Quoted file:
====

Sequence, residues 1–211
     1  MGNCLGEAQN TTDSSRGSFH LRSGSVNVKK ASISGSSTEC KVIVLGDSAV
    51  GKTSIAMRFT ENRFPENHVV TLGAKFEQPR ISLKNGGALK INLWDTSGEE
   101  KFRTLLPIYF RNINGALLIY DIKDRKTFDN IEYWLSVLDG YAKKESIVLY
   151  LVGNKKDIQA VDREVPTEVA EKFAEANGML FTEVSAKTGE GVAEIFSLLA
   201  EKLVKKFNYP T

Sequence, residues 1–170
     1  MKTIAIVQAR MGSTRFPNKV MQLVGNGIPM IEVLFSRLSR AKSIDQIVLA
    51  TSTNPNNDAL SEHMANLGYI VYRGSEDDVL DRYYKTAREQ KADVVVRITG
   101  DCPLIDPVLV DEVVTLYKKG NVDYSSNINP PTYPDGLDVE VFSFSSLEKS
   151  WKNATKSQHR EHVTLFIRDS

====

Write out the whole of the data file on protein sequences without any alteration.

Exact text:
Sequence, residues 1–211
     1  MGNCLGEAQN TTDSSRGSFH LRSGSVNVKK ASISGSSTEC KVIVLGDSAV
    51  GKTSIAMRFT ENRFPENHVV TLGAKFEQPR ISLKNGGALK INLWDTSGEE
   101  KFRTLLPIYF RNINGALLIY DIKDRKTFDN IEYWLSVLDG YAKKESIVLY
   151  LVGNKKDIQA VDREVPTEVA EKFAEANGML FTEVSAKTGE GVAEIFSLLA
   201  EKLVKKFNYP T

Sequence, residues 1–170
     1  MKTIAIVQAR MGSTRFPNKV MQLVGNGIPM IEVLFSRLSR AKSIDQIVLA
    51  TSTNPNNDAL SEHMANLGYI VYRGSEDDVL DRYYKTAREQ KADVVVRITG
   101  DCPLIDPVLV DEVVTLYKKG NVDYSSNINP PTYPDGLDVE VFSFSSLEKS
   151  WKNATKSQHR EHVTLFIRDS